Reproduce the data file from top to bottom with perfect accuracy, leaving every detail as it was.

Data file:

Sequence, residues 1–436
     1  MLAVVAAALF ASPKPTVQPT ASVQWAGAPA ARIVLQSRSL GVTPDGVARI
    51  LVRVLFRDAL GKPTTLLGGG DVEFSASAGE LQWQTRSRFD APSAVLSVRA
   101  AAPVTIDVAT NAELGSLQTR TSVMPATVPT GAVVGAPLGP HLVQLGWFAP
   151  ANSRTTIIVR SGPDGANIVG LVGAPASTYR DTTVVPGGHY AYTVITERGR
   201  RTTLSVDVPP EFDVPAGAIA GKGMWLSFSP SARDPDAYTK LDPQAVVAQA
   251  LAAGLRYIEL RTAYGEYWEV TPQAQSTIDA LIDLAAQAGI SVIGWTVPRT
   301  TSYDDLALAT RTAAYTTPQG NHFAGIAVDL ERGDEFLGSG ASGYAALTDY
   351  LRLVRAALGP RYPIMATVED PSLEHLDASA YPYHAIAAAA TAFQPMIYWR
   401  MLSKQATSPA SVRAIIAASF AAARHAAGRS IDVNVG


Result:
Sequence, residues 1–436
     1  MLAVVAAALF ASPKPTVQPT ASVQWAGAPA ARIVLQSRSL GVTPDGVARI
    51  LVRVLFRDAL GKPTTLLGGG DVEFSASAGE LQWQTRSRFD APSAVLSVRA
   101  AAPVTIDVAT NAELGSLQTR TSVMPATVPT GAVVGAPLGP HLVQLGWFAP
   151  ANSRTTIIVR SGPDGANIVG LVGAPASTYR DTTVVPGGHY AYTVITERGR
   201  RTTLSVDVPP EFDVPAGAIA GKGMWLSFSP SARDPDAYTK LDPQAVVAQA
   251  LAAGLRYIEL RTAYGEYWEV TPQAQSTIDA LIDLAAQAGI SVIGWTVPRT
   301  TSYDDLALAT RTAAYTTPQG NHFAGIAVDL ERGDEFLGSG ASGYAALTDY
   351  LRLVRAALGP RYPIMATVED PSLEHLDASA YPYHAIAAAA TAFQPMIYWR
   401  MLSKQATSPA SVRAIIAASF AAARHAAGRS IDVNVG